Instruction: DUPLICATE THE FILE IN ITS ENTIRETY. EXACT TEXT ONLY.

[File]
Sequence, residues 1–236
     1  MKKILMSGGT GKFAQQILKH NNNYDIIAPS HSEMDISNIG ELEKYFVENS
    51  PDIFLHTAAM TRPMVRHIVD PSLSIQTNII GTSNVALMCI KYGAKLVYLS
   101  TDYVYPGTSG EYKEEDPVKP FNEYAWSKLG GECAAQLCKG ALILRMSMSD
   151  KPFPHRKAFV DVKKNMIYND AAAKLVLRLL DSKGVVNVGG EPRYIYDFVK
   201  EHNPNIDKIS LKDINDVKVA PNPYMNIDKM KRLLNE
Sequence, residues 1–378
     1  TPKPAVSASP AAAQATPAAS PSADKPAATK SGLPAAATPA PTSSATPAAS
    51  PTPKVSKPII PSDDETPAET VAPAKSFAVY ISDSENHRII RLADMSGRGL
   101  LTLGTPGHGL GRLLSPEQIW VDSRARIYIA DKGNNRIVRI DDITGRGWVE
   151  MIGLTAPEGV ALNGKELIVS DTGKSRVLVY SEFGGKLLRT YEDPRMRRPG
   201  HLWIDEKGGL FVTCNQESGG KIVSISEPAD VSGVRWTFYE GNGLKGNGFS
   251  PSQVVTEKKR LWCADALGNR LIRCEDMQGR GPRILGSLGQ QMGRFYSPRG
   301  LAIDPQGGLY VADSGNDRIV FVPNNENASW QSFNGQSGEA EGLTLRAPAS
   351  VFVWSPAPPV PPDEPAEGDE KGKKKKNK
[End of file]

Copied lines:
Sequence, residues 1–236
     1  MKKILMSGGT GKFAQQILKH NNNYDIIAPS HSEMDISNIG ELEKYFVENS
    51  PDIFLHTAAM TRPMVRHIVD PSLSIQTNII GTSNVALMCI KYGAKLVYLS
   101  TDYVYPGTSG EYKEEDPVKP FNEYAWSKLG GECAAQLCKG ALILRMSMSD
   151  KPFPHRKAFV DVKKNMIYND AAAKLVLRLL DSKGVVNVGG EPRYIYDFVK
   201  EHNPNIDKIS LKDINDVKVA PNPYMNIDKM KRLLNE
Sequence, residues 1–378
     1  TPKPAVSASP AAAQATPAAS PSADKPAATK SGLPAAATPA PTSSATPAAS
    51  PTPKVSKPII PSDDETPAET VAPAKSFAVY ISDSENHRII RLADMSGRGL
   101  LTLGTPGHGL GRLLSPEQIW VDSRARIYIA DKGNNRIVRI DDITGRGWVE
   151  MIGLTAPEGV ALNGKELIVS DTGKSRVLVY SEFGGKLLRT YEDPRMRRPG
   201  HLWIDEKGGL FVTCNQESGG KIVSISEPAD VSGVRWTFYE GNGLKGNGFS
   251  PSQVVTEKKR LWCADALGNR LIRCEDMQGR GPRILGSLGQ QMGRFYSPRG
   301  LAIDPQGGLY VADSGNDRIV FVPNNENASW QSFNGQSGEA EGLTLRAPAS
   351  VFVWSPAPPV PPDEPAEGDE KGKKKKNK